chapter  1
22 Pages

General Introduction on Dendrimers, Classical versus Accelerated Syntheses and Characterizations

Dendrimers are synthetically produced as monodispersepolymeric nanostructures with a tree-like, highly branched architecture. They are routinely synthesized as tunable “nanostructures” that may be designed and regulated as a functionof their size, shape, surface chemistry and interior void space. The word “dendron” is also encountered and accounts for “one branch” of the tree or one elementary building block which showsa functionality at its focal point.3,4 The first dendrimers published by Fritz Vögtle in 19782 were prepared via a divergent growth like those elaborated by R. G. Denkewalter at Allied Corporation in 1981,5 Donald Tomalia atDow Chemical Co. in 1983 and 19851,6 and George Newkome in1985.7 The convergent growth was later introduced, in 1990, byJean M. J. Fréchet.8Dendrimers are typically 2 to 20 nm in diameter and are composed of combinations of core types such as ethylene diamine (EDA), diaminobutyl (DAB), polyamidoamine (PAMAM),

polypropylimine (PPI). They also have different surface residues such as amine, carboxyl, and alcoholic groups to name but a few.Dendrimers can be divided in three distinct regions:the core, the interior (or branches), and the periphery (surface groups).A variety of dendrimers are available, and each has properties such as polyvalency, self-assembling, electrostatic interactions, chemical stability, low cytotoxicity, and solubility. The well-defined molecular compositions, sizes, and shapes of PAMAM dendrimers have also made them particularly attractive as (1) scaffolds for paramagnetic metal ions in magnetic resonance imaging and (2) templates for the synthesis of metal-bearing nanoparticles with tunable electronic, optical, catalytic, and biologic activity.Since the beginning of their history, hundreds of dendritic structures have been elaborated and among them Vögtle’s PPI, Tomalia’s polyamidoamine (PAMAM), Denkewalter’s poly(L-lysine) (PLL), Newkome’s polyamide, Grinstaff’s polyester (PGLSA-OH) and Hult’s poly(2,2-bis(hydroxymethyl)propionic acid (bis-MPA)) structures.9 These dendrimers are commercially available from providers like Dendritech Inc. (PAMAM), Frontier Scientific Inc. (Newkome’s polyamides), Colcom (poly(L-lysine)), Polymer Factory (bis-MPA), and DSM (PPI).10Dendrimers are often compared to their forebears, thepolymers, but they are never obtained by polymerization. Dendritic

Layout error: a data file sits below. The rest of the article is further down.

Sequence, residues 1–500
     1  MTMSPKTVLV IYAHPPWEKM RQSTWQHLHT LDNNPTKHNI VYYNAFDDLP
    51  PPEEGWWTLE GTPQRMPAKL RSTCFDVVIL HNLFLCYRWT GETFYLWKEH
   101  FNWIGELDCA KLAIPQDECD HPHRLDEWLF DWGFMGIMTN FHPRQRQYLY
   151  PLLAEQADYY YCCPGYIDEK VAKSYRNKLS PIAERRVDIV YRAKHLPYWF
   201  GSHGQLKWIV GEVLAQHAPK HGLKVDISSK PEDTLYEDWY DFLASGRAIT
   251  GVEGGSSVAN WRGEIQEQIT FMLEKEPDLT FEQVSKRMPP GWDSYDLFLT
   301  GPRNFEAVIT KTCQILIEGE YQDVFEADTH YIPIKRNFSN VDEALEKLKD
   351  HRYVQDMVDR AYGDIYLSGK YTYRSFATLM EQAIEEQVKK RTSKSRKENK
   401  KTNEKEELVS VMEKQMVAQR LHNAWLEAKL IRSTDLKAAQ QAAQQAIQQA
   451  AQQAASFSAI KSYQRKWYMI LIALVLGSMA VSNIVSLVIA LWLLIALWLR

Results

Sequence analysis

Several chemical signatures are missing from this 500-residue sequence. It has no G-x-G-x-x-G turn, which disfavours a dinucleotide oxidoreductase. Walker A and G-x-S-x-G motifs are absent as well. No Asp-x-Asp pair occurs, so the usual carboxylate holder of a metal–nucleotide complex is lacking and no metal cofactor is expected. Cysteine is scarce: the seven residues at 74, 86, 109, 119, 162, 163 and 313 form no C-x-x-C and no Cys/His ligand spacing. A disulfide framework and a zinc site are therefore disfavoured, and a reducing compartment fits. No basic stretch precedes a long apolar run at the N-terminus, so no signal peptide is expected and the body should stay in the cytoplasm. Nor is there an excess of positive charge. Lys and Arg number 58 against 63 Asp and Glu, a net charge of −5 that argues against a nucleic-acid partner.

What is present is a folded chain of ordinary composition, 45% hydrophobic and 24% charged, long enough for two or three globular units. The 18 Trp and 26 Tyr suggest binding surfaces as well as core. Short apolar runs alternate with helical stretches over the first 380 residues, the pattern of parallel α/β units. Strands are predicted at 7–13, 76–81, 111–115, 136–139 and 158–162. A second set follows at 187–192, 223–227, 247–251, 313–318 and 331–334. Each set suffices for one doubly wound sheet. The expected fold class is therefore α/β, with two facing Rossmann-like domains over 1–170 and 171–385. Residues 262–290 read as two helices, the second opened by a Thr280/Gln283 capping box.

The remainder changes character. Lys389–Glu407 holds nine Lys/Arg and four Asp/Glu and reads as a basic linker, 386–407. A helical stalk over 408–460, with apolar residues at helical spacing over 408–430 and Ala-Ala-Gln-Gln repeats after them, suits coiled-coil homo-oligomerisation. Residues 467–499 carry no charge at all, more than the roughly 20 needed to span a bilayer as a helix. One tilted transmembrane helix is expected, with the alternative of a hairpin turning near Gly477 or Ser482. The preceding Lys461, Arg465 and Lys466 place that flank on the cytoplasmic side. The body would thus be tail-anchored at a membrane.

structures can be divided into monodisperse dendrimers and dendrons (elementary unit) and polydisperse hyperbranched polymers, dendrigrafts and dendritic-linear hybrids such as dendronized polymers (Fig. 1.1).11